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Biodiversity at home 

A garden is a life-long investment. We can create rich ecosystems over time and there are endless ways in which we can enhance biodiversity in our own backyards with simple implementations. If you are curious about seeing more animals in your local area, here are some suggestions.  

Planting a tree 



Winter season is a fantastic time to for planting trees, as they are dormant in winter and their natural cycles go uninterrupted. Below are a few Australian species that would attract wildlife and bees to your garden and look stunning in springtime. 




Gum tree (Eucalyptus) – Will attract colourful birds and bees 

Banksia  - native birds, bees and small mammals 

Bottlebrush (Callistemon) – possums,  flying foxes, lizards, insects and nectar-eating birds 

Wattle (Acacia) – native birds and bees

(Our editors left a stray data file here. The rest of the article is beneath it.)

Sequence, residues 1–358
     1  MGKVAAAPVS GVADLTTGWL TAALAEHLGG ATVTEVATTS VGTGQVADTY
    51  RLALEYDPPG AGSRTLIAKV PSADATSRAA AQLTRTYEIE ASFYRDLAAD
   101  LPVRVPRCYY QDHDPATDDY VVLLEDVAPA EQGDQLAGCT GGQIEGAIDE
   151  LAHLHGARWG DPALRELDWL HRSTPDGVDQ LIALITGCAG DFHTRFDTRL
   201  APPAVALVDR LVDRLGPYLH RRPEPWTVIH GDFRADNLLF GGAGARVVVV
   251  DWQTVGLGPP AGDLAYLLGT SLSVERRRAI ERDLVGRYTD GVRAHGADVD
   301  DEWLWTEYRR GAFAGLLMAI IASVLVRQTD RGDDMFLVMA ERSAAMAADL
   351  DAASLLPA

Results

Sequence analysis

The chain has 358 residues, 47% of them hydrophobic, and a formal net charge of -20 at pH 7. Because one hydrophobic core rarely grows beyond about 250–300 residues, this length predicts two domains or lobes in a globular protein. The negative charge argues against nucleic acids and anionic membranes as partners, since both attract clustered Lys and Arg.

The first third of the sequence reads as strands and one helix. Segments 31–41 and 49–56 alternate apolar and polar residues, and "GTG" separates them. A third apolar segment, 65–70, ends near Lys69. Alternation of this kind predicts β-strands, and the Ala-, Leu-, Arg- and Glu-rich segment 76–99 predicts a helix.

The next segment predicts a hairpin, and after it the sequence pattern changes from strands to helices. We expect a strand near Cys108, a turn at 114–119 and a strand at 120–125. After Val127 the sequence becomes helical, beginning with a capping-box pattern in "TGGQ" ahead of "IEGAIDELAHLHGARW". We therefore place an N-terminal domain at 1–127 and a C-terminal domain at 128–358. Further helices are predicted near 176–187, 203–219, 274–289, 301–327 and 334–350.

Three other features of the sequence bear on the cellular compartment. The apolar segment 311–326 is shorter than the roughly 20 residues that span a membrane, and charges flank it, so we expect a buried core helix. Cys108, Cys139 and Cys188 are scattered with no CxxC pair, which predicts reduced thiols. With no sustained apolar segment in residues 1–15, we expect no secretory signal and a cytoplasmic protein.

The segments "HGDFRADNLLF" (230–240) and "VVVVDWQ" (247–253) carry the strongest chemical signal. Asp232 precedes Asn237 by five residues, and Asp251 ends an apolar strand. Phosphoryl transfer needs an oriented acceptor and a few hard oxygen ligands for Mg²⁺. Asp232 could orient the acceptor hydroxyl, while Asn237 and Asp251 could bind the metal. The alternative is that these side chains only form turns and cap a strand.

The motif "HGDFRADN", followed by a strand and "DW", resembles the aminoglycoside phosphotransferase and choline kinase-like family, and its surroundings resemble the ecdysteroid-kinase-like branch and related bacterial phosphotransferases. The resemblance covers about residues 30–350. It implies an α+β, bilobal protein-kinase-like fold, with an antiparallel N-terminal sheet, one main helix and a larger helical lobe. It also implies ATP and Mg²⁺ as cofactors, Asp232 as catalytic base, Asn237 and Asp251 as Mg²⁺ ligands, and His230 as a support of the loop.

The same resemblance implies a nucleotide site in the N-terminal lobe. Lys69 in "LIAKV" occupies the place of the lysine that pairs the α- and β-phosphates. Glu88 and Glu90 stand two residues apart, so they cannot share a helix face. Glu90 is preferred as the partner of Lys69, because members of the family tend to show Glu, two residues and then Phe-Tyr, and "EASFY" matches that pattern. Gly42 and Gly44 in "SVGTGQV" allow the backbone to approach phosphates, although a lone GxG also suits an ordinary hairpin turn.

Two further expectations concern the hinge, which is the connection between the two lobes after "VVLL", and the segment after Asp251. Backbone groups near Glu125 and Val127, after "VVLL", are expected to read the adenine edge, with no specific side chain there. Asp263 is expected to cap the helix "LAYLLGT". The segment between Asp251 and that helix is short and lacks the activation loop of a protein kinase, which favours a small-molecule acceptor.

Waratah (Telopea) – native birds 

Spider flower (Grevilleas) – insects,  bees, butterflies and nectar-eating birds 


To see more go to:  Don’t have enough space in your backyard? Then why not donate a tree or use Ecosia as your default search engine! 

Add a water feature 

You can use a small container or a bathtub as a pond for wildlife to drink from.  To attract birds, a bird bath is a common feature. If you want to attract butterflies, ensure to use shallow water. 

DIY Birdhouse 

Birdhouses are cheap to construct and are fun and easy to make, no matter the skill level. When implemented, they attract a variety of birds for your garden and will enhance your ecosystem. Below are some simple designs you might want to try out: 






Hopefully this proves useful to your garden projects and make your garden an attractive habitat for wildlife! Increasing biodiversity where we can is extremely pivotal to all life on Earth in order to sustain healthy ecosystems, which in turn support soil fertility, nutrient recycling, crop and tree fertility and of course, nurtures our relationships with the environment itself. 


Jessica Nguyen 

Year 12